May 21, 2010
   Posted in News Flash
By Staff Writer
21st century will be much happier: His Holiness the Dalai Lama  [Friday, 21 May 2010, 12:30 p.m.]


His Holiness the Dalai Lama delivers a teaching at Radio City Music Hall as actor Richard Gere (R) and monks look on 20 May 2010 in New York City. His Holiness will deliver three days of teachings at Radio City followed by an interfaith dialogue at the Church of St. John the Divine on Sunday.

New York:
His Holiness the Dalai Lama said problems affecting the world today are
temporary and that in the broader perspective the people in the 21st
century are becoming “much happier and compassionate” as compared to
those of the 20th century.During an interview with Ann Curry of
the NBC TV on The Today Show on Thursday, His Holiness was asked for
explanation about intolerance in today’s world in the light of his
broader message that humanity was becoming gentler. His Holiness said
that such problems affecting the world are temporary and that in the
broader perspective the people in the 21st century are becoming much
happier and compassionate as compared to those of the 20th century. 
Expanding on this, His Holiness said many of the problems in the world
are man-made ones and so people would logically have the ability to
resolve them, too.  He said natural disasters were different. (watch the interview)His
Holiness referred to the immense response by people all over the world
to earthquakes in the world, including Haiti, and the Tsunami and said
it was his impression that people in the early part of the 20th
century, were not as considerate.  His Holiness referred to these as
positive signs.

 
 The crowd watches as His Holiness
the Dalai Lama delivers a teaching at Radio City Music Hall 20 May 2010
in New York City/Getty Images

Acknowledging
the violence and disturbances that occur in the world, His Holiness
said some mischievous people are always there.  He, however, said he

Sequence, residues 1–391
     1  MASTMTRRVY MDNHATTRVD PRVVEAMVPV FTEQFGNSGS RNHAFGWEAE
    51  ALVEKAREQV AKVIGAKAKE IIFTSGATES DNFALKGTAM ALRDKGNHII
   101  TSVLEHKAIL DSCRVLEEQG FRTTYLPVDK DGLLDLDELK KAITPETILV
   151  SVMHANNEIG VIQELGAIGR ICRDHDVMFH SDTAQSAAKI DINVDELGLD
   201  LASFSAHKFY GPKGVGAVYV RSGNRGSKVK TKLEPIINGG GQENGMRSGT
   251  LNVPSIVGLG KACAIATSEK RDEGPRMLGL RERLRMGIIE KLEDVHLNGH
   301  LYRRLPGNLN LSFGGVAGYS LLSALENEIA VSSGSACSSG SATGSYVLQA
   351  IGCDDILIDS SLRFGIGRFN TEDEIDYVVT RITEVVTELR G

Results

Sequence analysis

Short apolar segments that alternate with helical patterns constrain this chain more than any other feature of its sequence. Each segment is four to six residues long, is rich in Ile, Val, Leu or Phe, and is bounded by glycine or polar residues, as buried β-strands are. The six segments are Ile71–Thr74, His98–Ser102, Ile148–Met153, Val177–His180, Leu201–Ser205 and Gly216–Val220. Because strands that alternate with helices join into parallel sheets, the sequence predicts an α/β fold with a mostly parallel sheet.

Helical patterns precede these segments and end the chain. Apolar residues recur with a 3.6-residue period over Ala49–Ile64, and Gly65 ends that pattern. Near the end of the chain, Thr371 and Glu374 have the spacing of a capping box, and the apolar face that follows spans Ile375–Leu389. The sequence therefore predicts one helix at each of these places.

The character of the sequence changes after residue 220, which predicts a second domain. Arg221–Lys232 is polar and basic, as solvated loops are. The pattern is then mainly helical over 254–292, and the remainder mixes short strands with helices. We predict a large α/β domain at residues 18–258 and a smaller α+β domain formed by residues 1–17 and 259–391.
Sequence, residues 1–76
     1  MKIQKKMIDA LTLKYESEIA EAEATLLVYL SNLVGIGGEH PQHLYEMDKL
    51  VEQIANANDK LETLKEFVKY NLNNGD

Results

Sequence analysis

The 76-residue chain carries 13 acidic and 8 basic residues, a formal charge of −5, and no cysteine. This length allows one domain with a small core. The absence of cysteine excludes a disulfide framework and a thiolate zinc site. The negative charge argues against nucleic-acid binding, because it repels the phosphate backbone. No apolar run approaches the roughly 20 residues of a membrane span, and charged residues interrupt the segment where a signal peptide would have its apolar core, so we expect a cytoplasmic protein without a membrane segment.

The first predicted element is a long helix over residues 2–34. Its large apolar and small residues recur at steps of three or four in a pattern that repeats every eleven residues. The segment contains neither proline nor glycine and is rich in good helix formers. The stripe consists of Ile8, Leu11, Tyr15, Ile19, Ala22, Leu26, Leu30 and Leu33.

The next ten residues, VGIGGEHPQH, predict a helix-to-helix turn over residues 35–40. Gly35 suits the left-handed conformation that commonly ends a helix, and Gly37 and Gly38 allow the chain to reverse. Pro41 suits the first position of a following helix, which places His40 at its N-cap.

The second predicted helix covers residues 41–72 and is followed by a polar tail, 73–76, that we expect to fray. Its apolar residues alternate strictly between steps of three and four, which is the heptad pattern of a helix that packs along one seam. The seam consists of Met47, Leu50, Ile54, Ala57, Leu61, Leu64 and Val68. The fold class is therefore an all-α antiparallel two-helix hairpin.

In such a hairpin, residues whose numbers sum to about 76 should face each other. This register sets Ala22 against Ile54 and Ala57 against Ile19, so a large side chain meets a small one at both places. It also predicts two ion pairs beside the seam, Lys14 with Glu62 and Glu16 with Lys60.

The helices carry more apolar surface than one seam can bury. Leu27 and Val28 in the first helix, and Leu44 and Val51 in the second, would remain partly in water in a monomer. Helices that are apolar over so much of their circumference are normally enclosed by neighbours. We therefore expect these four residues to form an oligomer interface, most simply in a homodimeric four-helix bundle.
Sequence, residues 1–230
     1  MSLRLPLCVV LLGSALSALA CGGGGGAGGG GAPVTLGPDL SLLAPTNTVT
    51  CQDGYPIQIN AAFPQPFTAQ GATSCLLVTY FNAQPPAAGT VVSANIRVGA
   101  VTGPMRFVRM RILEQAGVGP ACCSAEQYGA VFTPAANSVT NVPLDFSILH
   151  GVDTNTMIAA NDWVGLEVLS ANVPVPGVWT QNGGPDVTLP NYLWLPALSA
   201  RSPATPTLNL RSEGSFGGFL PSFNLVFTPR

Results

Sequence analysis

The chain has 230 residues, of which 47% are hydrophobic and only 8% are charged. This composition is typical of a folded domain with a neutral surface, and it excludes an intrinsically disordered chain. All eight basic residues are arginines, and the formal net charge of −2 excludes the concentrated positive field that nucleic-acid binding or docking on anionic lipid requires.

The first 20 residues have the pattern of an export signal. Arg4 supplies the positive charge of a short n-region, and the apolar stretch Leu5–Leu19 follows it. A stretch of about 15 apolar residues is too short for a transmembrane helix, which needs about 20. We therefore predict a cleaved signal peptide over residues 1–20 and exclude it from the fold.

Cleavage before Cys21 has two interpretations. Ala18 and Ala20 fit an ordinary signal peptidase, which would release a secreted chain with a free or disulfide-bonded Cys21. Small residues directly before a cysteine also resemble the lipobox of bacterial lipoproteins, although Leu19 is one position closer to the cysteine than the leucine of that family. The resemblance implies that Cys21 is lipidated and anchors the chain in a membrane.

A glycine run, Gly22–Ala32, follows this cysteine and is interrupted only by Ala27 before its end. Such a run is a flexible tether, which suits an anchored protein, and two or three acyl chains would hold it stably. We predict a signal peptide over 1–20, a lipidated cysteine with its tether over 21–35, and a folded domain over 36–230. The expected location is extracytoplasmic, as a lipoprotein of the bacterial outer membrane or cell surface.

believes these are minority and do not reflect the broader human
community who are positive. His Holiness said the media had a role in
creating a different impression because they always tend to highlight
the negative while taking the positive for granted.Asked about
his feelings upon learning of the earthquake tragedy in his homeland in
Tibet and his desire to visit there to provide spiritual solace, His
Holiness talked about reminding himself of the advice of an Indian
master whenever he was faced with a problem or a tragedy.  That advice
is not to worry if there is a solution to a problem but knowing that
there is no use worrying if there is no solution.His Holiness
called for the adoption of right attitude by people for a more positive
world.  His Holiness said such an attitude could contribute to either
elimination or reduction of negativities in the world.His
Holiness then left for the nearby Radio City Hall, the venue of his
lecture on the Buddhist texts by Nagarjuna “A Commentary on Bodhicitta
“and Shantideva “A Guide to the Bodhisattva’s Way of Life.”As a
symbol of his respect to the Pali (the “senior most tradition in
Buddhism”) and Sanskrit Buddhist tradition, the teaching began with the
recitation of the Heart Sutra in Pali and Sanskrit. His
Holiness spent the major portion of the morning session on providing a
broad overview about his perspective on religions throughout the
world.  He talked about the basic human desire for happiness whether
one was a religious believer or a non-believer.  His Holiness talked
about his two commitments of promoting human values and religious
harmony. His Holiness said whenever he gave Buddhist lectures in
traditionally non-Buddhist societies, he always reiterated his view
that it is always better for individuals to keep to their own
traditional religion. At the same time people should make effort to
learn from other religious traditions. Giving a case in point, he
praised the role of Christian practitioners saying Christianity may
have made the maximum contribution toward the promotion of education in
Africa, Asia and Latin America.

 
 Ann Curry greets His Holiness the Dalai Lama as he arrives at the NBC studios. Photo/NBC

His
Holiness then dealt with the two texts saying the one by Nagarjuna was
a sort of introduction to Buddhism while the one by Shantideva dealt
mainly with Buddhist practices.  His Holiness said he had received the
oral transmission of A Commentary on Bodhicitta from the current Ganden
Tripa, Rizong Rinpoche, and of A Guide to the Bodhisattva’s Way of Life
from Khunu Lama Rinpoche and subsequently from Trulshig Rinpoche.His
Holiness said he chose these two texts because they are original Indian
texts. He added that he would not be able to touch on all the texts and
suggested that since the people have the books they could study it.  He
advised that unlike a work of fiction that could be set aside once you
have read it, such Buddhist texts needed to be read repeatedly to gain
better understanding. His Holiness quoted a Tibetan saying that if you
read it nine times you will get nine different understandings.His Holiness then began his explanation of A Commentary on Bodhicitta. 

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